JPMorgan Chase & Co. Chief Executive Officer Jamie Dimon said that cryptocurrencies are going to be regulated as anxiety around stablecoins and the asset class more broadly has been growing in Washington.

Jamie Dimon Photographer: Andrew Harrer/Bloomberg

“Blockchain can be real, stablecoins can be real,” Dimon said at the Institute of International Finance annual membership meeting, held virtually again this year. “No matter what anyone in the room thinks, nor what any libertarian thinks, nor what anyone thinks about it, government’s going to regulate it.”

A Treasury Department-led effort to regulate stablecoins favors policing them like lenders, Bloomberg News reported earlier this month. Dimon echoed his long-held views on Bitcoin, but differentiated between his personal view and how New York-based JPMorgan will deal with it.

“I personally think that Bitcoin is worthless,” Dimon said. “Our clients are adults, they disagree, that’s what makes markets, so if they want to have access to buy yourself Bitcoin, we can’t custody it but we can give them legitimate, as-clean-as-possible access.”

Also in the crypto space, Citigroup Inc. Chairman John Dugan said it would be appropriate for banks to face high capital requirements for keeping cryptocurrency assets on their balance sheets. Also in the realm of cryptocurrencies, China’s Bank of Communications Co. sees the rise of sovereign digital currencies as providing a fix to defects in the traditional monetary system, President Jun Liu said.

In technology more broadly, among the biggest challenges facing companies worldwide is the competition for tech talent, which is “off the charts,” according to Barclays Plc Chief Executive Officer Jes Staley.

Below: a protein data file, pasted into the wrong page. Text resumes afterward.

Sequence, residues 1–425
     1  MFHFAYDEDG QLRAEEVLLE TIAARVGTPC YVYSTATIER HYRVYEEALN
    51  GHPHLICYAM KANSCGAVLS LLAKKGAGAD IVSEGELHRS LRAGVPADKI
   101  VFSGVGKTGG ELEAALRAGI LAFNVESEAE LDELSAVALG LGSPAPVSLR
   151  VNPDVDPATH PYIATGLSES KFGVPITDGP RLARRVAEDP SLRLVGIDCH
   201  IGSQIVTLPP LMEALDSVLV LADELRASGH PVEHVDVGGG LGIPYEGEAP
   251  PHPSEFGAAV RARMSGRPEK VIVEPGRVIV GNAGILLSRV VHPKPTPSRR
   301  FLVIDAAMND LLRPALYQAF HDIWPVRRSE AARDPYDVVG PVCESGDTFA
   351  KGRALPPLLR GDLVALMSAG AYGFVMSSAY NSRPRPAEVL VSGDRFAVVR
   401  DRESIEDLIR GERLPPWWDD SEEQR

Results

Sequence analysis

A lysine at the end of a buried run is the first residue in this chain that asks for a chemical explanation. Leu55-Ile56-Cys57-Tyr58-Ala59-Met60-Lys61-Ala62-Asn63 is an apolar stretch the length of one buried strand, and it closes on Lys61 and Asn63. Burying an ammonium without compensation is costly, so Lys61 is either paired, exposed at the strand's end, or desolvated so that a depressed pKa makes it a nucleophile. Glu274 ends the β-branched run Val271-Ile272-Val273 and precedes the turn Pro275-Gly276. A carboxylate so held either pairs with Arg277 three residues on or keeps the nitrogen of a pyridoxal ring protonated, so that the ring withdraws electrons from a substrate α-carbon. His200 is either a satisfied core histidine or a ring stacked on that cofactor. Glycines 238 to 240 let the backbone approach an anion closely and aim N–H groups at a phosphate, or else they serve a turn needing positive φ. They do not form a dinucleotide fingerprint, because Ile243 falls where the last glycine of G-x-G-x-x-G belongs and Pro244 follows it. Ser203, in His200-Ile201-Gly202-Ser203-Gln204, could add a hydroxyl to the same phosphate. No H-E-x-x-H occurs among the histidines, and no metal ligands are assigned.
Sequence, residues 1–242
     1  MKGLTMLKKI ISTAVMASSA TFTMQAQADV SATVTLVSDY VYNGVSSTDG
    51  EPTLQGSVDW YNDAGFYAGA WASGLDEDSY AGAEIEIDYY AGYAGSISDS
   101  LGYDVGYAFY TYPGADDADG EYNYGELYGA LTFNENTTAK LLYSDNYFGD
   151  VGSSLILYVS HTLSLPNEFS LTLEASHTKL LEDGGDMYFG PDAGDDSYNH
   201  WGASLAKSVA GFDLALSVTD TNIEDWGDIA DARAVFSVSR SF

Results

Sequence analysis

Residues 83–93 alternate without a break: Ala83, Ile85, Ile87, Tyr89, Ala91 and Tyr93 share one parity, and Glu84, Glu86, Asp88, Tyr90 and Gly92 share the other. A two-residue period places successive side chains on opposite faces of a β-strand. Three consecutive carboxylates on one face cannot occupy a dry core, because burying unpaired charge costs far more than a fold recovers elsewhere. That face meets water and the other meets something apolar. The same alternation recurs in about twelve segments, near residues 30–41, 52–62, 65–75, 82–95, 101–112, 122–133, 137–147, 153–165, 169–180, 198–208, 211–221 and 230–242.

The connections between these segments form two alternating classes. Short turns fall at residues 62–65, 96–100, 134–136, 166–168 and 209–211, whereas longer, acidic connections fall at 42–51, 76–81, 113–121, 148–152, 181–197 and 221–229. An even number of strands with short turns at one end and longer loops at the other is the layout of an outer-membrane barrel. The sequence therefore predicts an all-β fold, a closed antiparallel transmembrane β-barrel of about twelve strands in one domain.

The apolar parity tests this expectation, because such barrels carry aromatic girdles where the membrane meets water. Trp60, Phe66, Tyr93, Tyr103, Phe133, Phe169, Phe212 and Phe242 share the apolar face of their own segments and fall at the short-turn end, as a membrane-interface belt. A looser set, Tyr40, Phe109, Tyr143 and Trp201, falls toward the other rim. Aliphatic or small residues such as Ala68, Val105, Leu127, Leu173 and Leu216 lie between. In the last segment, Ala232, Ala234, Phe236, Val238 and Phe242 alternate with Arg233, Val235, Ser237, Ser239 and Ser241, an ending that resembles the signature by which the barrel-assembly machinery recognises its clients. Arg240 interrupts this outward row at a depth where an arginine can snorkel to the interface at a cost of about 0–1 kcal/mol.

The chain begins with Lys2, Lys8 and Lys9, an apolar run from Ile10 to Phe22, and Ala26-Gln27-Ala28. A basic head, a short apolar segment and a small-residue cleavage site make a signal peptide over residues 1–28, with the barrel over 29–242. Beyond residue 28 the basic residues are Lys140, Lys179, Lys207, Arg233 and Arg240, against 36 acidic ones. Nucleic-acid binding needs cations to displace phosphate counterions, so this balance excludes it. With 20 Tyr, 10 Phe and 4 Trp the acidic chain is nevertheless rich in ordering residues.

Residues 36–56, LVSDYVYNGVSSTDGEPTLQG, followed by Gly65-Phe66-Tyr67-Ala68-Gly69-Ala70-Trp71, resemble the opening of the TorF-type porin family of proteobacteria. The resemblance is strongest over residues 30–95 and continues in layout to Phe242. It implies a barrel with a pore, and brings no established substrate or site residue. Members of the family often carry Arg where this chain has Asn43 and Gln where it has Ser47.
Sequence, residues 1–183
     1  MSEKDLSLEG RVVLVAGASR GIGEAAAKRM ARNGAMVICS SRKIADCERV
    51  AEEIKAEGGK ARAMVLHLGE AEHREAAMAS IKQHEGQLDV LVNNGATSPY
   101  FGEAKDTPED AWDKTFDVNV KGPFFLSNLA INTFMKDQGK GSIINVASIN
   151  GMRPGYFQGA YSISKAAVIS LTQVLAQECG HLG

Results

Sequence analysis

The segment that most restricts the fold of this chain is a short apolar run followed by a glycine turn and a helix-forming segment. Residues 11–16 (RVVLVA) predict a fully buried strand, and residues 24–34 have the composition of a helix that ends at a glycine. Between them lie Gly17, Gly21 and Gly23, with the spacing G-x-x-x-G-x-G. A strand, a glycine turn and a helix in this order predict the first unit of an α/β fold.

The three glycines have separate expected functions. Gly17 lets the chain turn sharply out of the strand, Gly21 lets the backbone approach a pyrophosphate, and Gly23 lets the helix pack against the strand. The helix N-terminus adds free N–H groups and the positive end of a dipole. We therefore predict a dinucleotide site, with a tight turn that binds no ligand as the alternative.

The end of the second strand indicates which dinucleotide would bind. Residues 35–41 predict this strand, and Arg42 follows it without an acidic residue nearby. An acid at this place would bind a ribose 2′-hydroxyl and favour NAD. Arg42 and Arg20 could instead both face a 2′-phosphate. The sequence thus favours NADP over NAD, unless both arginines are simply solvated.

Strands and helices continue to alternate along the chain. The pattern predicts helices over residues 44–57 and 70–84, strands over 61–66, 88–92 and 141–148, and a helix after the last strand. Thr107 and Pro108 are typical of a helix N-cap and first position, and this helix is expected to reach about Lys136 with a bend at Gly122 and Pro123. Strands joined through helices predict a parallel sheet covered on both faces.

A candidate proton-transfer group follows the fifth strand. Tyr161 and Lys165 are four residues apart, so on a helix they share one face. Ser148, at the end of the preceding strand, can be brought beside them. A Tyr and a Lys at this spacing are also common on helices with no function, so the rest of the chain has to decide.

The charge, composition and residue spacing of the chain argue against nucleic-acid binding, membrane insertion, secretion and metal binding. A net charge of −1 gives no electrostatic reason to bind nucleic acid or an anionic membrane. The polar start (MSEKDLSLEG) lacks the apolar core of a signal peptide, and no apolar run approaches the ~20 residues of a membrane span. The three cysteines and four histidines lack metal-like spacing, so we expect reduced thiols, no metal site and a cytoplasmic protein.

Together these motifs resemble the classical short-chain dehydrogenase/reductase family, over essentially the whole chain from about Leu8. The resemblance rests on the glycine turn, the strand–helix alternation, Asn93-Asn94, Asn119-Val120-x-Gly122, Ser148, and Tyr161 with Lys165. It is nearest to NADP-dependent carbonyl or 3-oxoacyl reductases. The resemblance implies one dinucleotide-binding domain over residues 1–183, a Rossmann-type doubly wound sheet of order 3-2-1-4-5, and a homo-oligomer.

The weeklong IIF gathering kicked off Monday with finance leaders including Dimon, Staley and Dugan among the speakers.

War for Tech Talent Is ‘Off the Charts,’ Staley Says (1:05 p.m. NY)

Companies around the world are facing intense competition for labor in the technology space, said Barclays Plc Chief Executive Officer Jes Staley.

“At a meeting with some of our shareholders the other day, I was asked how are we doing for the war for talent for investment bankers, given the activity in that market, and I said, ‘We’re doing very well in terms of war for talent for investment bankers. I don’t worry about it, the real war for talent is for programmers and engineers,’” Staley said. “The war for talent in the technology space is off the charts.”

Citi Chairman Calls Crypto Capital Demands Sound (11:45 a.m. NY)

Citigroup Inc. Chairman John Dugan said he would consider it “appropriate” for banks to face high capital requirements for holding cryptocurrency assets on their balance sheets.

New York-based Citigroup has begun facilitating cryptocurrency transactions for those clients interested in the space, Dugan said. Even so, the bank, much like many of its large rivals, doesn’t currently hold such assets, he said.